Amitis Motevalli is an artist born in Iran and moved to the US in 1977 pre-revolution. She explores the cultural resistance and survival of people living in poverty, conflict and war. Her experience as a working-class immigrant in Los Angeles, is foundational to her drive for creating art that contests stereotypical beliefs about people living in diaspora. She currently lives and works in Los Angeles, exhibiting art internationally as well as organizing to create an active and resistant cultural discourse through information exchange, either in art, pedagogy or organizing artists and educators.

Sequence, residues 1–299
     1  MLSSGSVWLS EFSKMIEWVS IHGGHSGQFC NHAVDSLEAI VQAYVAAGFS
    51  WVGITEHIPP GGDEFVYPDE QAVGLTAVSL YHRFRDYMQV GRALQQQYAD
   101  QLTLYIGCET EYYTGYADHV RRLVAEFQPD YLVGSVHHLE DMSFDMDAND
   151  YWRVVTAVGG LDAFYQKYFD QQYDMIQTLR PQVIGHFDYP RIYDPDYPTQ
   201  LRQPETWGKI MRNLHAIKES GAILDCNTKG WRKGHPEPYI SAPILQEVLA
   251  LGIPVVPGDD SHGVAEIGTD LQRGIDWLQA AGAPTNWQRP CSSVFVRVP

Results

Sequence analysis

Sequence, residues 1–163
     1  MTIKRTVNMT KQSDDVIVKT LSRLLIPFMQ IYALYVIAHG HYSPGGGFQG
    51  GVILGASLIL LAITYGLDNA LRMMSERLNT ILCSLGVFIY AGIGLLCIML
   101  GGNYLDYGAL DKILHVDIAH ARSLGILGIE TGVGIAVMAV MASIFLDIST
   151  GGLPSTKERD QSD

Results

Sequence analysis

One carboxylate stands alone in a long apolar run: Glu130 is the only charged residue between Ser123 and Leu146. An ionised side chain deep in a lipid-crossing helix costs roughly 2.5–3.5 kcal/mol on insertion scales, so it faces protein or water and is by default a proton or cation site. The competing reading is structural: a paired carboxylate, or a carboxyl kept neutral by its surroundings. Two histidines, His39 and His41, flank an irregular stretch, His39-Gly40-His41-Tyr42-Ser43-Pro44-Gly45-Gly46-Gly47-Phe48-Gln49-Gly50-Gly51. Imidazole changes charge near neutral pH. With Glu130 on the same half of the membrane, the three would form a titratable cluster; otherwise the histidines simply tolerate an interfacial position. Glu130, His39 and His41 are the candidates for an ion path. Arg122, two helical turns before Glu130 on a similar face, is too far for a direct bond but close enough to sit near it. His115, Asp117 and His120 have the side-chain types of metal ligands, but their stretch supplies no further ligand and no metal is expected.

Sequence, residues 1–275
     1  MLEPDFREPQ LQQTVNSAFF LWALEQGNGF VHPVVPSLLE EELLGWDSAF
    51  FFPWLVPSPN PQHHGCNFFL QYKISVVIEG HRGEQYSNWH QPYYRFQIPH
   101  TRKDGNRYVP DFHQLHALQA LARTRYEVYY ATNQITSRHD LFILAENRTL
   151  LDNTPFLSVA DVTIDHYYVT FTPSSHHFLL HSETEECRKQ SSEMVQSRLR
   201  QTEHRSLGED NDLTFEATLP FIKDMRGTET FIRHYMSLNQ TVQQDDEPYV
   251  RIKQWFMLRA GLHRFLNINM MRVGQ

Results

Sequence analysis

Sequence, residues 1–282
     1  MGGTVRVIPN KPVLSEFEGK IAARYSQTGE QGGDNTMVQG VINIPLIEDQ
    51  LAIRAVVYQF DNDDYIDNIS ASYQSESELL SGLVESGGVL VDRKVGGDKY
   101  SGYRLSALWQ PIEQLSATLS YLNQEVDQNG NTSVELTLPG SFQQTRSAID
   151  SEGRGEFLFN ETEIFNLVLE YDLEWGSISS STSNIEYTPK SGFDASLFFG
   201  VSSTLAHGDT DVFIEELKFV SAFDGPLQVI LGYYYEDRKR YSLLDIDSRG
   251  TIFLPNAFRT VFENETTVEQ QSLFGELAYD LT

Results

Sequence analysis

Dorit Cypis is an artist, educator, and mediator. Her work, which explores themes of history, identity, and social relations, has been presented in diverse cultural contexts across the US and internationally since the 1980s. Moving fluidly between the studio and the street, Cypis’ career covers a varied landscape: performance, photography, and immersive media installation; curriculum development and teaching at colleges and universities; civic programs that engage conflict in order to build capacity for generative relations. At the core of all her work is an exploration of the artist’s role as creator, educator, mediator, and community-builder, asking the question: “Who am I to you?” Cypis received a Master of Fine Arts from California Institute for the Arts and a Masters of Dispute Resolution from Pepperdine University. In 2014, she was awarded a Guggenheim Fellowship and a Rauschenberg Foundation Residency. Born in Tel Aviv, Israel, and raised in Montreal, she currently lives in Los Angeles.